Slow Stuff As A Fertilizer

How can we use sawdust and shavings from our high school shop so as to

combine it with street sweepings, lawn cuttings, etc., and insure ready

decay without objectionable features?

Do not mix sawdust and shavings with lawn clippings and street

sweepings, because of the great difference in susceptibility to decay.

The lawn clippings and street sweepings, which would contain

considerable horse manure, would be readily transformed into a good

fertilizer by composting. Such treatment, however, would have no

appreciable effect upon sawdust or shavings for a considerable period of

time, and they would still be too coarse in their character to be of any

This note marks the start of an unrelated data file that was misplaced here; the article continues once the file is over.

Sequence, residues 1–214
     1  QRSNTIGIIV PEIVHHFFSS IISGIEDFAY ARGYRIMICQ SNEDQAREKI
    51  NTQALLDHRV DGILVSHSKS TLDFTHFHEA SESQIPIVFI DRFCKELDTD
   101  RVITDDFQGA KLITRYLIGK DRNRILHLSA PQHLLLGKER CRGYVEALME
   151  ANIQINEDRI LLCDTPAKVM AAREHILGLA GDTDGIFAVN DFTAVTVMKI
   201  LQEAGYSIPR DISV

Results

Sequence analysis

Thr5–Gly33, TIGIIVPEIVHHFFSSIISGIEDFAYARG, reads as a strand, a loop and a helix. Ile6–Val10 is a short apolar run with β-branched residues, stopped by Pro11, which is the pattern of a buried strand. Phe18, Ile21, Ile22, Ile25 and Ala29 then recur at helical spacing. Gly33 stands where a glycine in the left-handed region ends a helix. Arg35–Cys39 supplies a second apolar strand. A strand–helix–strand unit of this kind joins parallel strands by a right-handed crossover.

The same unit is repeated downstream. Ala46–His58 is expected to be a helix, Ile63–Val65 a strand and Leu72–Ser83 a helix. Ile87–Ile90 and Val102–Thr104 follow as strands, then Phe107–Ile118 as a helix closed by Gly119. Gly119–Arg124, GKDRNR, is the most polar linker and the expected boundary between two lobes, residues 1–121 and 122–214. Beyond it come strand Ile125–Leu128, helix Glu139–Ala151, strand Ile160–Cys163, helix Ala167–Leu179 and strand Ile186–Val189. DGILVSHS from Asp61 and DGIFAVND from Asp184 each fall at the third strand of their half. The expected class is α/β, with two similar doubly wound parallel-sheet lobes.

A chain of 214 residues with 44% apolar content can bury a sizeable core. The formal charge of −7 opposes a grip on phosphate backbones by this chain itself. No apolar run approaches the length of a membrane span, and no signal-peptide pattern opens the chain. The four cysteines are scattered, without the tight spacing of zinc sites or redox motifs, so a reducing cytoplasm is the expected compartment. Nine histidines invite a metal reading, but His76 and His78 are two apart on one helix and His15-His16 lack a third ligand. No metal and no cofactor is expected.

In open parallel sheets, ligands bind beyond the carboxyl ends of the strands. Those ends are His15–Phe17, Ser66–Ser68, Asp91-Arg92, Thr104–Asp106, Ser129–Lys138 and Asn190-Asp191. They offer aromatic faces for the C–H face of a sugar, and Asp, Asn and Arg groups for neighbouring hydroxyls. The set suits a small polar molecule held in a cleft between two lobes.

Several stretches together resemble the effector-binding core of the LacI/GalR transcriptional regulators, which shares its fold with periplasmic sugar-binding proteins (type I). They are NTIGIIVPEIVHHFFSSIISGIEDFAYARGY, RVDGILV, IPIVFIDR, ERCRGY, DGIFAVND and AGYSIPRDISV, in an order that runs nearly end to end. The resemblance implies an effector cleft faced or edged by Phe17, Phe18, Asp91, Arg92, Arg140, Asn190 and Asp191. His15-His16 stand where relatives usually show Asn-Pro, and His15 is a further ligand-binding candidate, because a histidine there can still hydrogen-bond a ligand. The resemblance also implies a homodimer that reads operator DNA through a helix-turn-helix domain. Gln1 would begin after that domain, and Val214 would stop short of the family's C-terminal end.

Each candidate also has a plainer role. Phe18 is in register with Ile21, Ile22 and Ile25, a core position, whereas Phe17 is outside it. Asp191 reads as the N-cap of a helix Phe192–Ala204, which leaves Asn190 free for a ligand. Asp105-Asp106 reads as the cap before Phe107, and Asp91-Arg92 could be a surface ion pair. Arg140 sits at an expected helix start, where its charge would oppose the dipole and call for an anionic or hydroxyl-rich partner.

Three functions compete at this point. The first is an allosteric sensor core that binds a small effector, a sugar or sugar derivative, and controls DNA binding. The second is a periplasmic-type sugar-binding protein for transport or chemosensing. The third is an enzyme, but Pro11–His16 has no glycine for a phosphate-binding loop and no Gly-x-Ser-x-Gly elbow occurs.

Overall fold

value unless you have to deal with heavy clay soil, and in that case the

sawdust and fine shavings might be dug in at once and trusted to decay

slowly in the soil, at the same time improving its friability by their

coarser particles. If, however, you are dealing with light sandy loam,

such coarse material would cause too rapid drying out and injure the

plant, which might be benefited by lawn clippings and street sweepings.

The best way to get rid of the sawdust and shavings is to set up an

altar, such as we have in our own backyard - a piece of an old boiler

about two feet in diameter and two and a half feet high, in which we

currently burn all rubbish which is not available for quick composting

into a fertilizer.

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